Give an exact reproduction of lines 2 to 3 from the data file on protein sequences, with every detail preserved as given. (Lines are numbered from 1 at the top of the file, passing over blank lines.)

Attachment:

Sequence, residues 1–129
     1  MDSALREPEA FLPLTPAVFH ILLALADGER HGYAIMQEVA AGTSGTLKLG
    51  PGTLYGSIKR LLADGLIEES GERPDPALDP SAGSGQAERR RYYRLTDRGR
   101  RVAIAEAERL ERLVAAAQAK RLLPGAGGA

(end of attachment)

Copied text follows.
     1  MDSALREPEA FLPLTPAVFH ILLALADGER HGYAIMQEVA AGTSGTLKLG
    51  PGTLYGSIKR LLADGLIEES GERPDPALDP SAGSGQAERR RYYRLTDRGR